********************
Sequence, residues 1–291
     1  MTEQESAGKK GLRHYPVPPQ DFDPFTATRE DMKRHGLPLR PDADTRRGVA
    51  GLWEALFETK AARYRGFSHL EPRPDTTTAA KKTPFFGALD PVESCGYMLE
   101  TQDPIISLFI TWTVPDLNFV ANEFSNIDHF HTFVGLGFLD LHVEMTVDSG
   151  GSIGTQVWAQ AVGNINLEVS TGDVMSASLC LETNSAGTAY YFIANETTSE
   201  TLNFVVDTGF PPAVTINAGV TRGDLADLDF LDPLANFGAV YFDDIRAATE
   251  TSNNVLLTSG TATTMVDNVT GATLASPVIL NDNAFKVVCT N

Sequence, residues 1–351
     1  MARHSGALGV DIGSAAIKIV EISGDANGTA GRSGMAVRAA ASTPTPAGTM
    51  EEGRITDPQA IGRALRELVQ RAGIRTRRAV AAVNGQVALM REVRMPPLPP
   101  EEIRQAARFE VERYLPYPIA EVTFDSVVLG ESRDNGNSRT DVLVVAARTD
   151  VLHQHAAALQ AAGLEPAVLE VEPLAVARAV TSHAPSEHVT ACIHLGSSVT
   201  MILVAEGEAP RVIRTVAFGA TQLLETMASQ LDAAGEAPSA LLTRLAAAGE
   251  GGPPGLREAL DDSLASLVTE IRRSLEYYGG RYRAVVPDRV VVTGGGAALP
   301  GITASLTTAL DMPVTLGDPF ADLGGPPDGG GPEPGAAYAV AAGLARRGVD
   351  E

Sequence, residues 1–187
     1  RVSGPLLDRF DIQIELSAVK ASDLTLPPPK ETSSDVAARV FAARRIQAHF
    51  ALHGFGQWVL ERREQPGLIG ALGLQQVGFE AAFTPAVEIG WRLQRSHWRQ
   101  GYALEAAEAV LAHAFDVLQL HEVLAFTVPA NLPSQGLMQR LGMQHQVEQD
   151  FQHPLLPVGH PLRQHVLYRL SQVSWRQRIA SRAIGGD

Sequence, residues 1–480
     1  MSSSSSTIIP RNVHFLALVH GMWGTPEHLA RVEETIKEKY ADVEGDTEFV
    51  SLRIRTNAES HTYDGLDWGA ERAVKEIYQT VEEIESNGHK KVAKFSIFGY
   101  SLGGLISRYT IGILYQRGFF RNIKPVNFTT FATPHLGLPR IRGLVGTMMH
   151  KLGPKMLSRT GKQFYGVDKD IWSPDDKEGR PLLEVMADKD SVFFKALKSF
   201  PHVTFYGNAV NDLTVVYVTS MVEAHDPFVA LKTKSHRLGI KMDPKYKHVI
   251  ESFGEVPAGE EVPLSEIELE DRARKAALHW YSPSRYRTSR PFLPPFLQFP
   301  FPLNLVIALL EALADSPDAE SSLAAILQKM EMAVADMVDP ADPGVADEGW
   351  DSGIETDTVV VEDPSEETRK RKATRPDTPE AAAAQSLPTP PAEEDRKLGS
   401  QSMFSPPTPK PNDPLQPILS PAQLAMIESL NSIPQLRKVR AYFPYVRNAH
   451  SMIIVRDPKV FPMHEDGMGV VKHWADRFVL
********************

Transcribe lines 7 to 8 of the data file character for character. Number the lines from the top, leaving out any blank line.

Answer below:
   251  TSNNVLLTSG TATTMVDNVT GATLASPVIL NDNAFKVVCT N

Sequence, residues 1–351